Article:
Authors: A.J. McEvily
Abstract: The behavior of short fatigue cracks is a matter of importance not only because much of the fatigue lifetime is spent in propagating these cracks, but also because the boundary between propagation and non-propagation separates the safe from the potentially unsafe fatigue regimes. The method of analysis is based upon the following equation:
Authors: Wyman Zhuang, Qian Chu Liu
Abstract: The fatigue critical structures of military aircraft are generally subjected to variable amplitude flight spectrum loading. Maintaining aircraft structural integrity to ensure safe operation of the fleet is critically dependent on accurate analysis and reliable prediction of fatigue crack growth in those structures under service operating conditions. To achieve this goal, laboratory experimental methods that can accurately measure and monitor fatigue crack growth under variable amplitude loading are required. This can be challenging as no test standard exists to guide the process of fatigue crack growth measurement under variable amplitude loading conditions to ensure the accuracy of the test results. This challenge was addressed by developing a modified compliance method as described in this paper. The results presented employed a modified compliance method complemented with a travelling microscope technique and marker band loads. The modified compliance method developed is able to measure in-situ, fatigue crack growth of standard compact-tension specimens under a fighter flight spectrum loading. The marker band loads and microscope readings were used to assist the post-test validation using quantitative fractography. The results from this study have demonstrated that the modified compliance method can produce consistent and accurate fatigue crack growth data under variable amplitude loading conditions.
Authors: Dang Hui Wang, Tian Han Xu
Abstract: Electrical parameters and low-frequency noise test were measured for N80 steel casing drilling, through extracting low-frequency parameters and combining with conventional fatigue crack growth characterization methods and analyzing their morphology. After fatigue crack growth, the results showed that: (1) Electrical parameters of N80 increase, and power spectral density of 1/f noise increases two orders of magnitude. (2) Values of γ and B are significantly increased, indicating that the process of fatigue produced more cracks, defects, and combination centers, from the mechanism of fatigue crack growth of N80, defects and cracks resulting from fatigue are the numbers of kind of fluctuations. In essence, low-frequency noise is a type of fluctuations, which show that low-frequency noise as the characterization of non-destructive., which can serve as a viable tool to study the defects and the characterization of defects.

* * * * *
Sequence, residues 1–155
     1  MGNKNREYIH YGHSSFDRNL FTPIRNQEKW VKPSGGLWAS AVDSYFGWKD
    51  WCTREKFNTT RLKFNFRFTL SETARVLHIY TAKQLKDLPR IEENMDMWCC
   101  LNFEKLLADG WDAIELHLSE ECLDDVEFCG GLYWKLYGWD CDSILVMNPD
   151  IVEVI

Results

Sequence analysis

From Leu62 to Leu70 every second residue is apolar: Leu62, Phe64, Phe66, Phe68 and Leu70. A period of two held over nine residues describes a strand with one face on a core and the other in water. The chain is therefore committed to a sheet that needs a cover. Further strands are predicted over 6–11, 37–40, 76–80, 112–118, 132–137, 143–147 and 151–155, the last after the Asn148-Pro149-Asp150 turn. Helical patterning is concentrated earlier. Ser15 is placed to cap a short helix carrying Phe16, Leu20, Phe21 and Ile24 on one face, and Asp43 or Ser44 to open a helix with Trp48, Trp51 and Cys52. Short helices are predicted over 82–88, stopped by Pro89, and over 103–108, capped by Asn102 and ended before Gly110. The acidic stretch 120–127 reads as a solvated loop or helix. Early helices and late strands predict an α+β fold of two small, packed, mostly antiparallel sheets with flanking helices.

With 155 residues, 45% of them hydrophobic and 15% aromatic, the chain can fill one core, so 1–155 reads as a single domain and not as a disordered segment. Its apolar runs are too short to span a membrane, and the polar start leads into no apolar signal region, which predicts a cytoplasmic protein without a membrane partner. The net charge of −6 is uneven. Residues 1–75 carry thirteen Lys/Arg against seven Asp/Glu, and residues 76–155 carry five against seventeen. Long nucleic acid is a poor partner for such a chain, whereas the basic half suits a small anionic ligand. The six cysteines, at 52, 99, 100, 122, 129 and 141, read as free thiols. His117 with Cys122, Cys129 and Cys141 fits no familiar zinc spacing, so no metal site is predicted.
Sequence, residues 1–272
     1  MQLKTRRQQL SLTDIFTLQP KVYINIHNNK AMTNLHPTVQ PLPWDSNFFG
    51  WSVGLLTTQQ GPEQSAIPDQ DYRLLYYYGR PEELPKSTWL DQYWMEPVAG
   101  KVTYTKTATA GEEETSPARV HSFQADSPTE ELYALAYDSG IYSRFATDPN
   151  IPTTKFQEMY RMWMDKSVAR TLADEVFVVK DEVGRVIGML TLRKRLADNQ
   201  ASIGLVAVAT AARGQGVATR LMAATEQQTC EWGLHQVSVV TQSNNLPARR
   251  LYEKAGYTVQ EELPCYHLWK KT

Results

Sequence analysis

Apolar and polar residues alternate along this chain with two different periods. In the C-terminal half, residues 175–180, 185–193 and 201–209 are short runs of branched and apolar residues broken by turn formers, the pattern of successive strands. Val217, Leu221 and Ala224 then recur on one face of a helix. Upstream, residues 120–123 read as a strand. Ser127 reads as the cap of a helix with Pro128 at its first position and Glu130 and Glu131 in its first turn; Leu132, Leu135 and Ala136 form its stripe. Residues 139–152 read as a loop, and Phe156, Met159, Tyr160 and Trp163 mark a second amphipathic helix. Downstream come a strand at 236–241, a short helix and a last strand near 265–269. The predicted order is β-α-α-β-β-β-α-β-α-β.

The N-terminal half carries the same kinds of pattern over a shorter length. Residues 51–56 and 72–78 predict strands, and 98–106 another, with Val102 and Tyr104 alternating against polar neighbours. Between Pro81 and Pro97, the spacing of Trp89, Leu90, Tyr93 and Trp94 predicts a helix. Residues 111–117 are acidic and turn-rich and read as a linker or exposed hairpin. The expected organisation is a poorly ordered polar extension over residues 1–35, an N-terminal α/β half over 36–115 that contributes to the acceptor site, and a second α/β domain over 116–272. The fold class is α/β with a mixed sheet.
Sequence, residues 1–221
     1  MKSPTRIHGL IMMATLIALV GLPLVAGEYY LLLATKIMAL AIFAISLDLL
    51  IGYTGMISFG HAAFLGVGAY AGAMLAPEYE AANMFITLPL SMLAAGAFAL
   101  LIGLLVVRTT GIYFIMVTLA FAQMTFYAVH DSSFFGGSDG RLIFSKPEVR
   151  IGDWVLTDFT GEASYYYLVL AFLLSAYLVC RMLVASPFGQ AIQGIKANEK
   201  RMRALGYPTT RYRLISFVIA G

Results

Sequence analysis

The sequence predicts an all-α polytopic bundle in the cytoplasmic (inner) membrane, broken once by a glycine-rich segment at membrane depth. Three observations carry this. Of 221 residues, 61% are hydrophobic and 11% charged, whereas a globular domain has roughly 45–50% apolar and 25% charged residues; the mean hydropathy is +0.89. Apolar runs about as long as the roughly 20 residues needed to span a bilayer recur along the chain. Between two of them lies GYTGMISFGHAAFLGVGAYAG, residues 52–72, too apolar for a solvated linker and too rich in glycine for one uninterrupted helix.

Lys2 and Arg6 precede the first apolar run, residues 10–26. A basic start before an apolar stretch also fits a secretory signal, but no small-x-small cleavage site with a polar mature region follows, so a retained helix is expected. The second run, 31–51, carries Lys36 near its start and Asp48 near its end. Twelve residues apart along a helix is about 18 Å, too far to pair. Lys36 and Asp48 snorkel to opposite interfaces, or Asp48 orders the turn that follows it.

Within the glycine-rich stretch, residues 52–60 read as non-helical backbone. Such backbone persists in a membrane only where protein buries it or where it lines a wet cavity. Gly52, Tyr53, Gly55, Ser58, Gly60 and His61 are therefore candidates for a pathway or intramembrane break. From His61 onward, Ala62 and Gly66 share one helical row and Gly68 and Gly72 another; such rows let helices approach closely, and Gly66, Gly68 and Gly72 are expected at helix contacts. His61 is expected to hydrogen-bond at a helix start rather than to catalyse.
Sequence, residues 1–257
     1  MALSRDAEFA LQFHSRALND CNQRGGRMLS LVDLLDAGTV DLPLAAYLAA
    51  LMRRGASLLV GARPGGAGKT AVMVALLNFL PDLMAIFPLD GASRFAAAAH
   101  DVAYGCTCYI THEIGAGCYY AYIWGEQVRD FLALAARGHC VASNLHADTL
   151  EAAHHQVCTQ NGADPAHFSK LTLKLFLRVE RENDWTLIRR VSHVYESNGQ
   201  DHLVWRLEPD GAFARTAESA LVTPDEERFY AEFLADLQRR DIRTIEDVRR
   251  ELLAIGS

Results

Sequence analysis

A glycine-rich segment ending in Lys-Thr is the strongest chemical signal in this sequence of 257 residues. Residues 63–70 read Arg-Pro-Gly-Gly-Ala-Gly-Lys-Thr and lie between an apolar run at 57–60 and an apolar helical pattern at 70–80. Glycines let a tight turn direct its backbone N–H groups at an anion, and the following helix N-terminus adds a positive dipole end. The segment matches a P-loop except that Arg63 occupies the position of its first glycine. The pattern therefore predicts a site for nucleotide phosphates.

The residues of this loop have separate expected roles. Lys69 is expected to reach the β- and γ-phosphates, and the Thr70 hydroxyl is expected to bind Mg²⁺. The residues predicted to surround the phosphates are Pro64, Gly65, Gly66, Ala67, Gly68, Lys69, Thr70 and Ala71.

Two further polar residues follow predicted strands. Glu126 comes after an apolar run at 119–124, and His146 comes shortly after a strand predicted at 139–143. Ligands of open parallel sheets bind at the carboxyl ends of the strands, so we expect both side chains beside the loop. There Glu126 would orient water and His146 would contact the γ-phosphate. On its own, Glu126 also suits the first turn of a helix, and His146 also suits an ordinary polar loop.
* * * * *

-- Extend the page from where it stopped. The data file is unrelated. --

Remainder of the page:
Authors: Jan Ondráček, Aleš Materna, Vladislav Oliva
Abstract: A 2D elastic-plastic FEM simulation of growing fatigue crack under combined mode I and II loading was performed. An inclined fatigue crack propagated in a sheet of an Al-alloy D16CT1. The effect of increasing mode-mixity on cyclic zone size, shape and the amount of dissipated energy was investigated.
Authors: Md. Anowar Hossian, Man Bae Lim, Sun Chul Huh, Won Jo Park
Abstract: This study evaluated fatigue crack growth characteristics, Besides consider compressive residual stress effect and verified the most suitable shot peening velocity. Fatigue crack growth delay effect was compressive residual stress, but over peening did action projecting velocity that accelerate fatigue crack growth rate. X-ray diffraction technique according to crack length direction was applied to fatigue fractured surface. Fracture mechanics parameters could be estimated by the measurement of X-ray parameters, and the fractography observation was performed using a scanning electron microscope (SEM) for fatigue fracture surface. As the shot peening velocity increases, striation width increased. The changes in X-ray material parameters described above are directly related to the process of fatigue until the initiation of fatigue crack and X-ray diffraction pattern is thought that failure prediction with stress distribution is possible.